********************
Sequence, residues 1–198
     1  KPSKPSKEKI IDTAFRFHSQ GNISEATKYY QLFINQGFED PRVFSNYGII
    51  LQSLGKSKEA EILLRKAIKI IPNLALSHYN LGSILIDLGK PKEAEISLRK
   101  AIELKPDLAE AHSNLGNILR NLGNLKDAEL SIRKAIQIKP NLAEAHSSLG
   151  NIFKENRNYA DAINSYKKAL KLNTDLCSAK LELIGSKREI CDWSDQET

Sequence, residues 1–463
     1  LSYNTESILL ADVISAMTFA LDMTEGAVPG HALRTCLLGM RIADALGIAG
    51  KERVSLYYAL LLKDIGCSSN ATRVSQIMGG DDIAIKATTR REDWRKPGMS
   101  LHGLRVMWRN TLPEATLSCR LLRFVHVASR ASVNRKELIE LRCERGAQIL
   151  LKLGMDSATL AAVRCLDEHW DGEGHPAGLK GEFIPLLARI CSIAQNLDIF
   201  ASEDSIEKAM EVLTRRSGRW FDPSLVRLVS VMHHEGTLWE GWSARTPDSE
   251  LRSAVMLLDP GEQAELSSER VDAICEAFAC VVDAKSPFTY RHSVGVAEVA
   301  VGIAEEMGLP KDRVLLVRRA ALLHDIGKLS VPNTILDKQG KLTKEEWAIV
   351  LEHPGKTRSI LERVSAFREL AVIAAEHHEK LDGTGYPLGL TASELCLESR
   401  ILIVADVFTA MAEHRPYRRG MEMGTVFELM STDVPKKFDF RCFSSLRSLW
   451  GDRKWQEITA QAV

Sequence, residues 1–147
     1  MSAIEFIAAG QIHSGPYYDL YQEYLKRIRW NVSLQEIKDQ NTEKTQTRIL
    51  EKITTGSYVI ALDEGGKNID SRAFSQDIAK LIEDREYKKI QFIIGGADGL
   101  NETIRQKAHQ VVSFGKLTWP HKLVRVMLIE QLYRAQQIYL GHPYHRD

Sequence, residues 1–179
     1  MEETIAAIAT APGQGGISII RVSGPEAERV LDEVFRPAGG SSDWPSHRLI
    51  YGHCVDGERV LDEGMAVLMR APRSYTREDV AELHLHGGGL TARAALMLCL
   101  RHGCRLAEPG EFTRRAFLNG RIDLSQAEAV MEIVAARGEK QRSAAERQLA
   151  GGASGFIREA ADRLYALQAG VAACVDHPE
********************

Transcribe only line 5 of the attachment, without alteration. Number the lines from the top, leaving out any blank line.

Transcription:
   151  NIFKENRNYA DAINSYKKAL KLNTDLCSAK LELIGSKREI CDWSDQET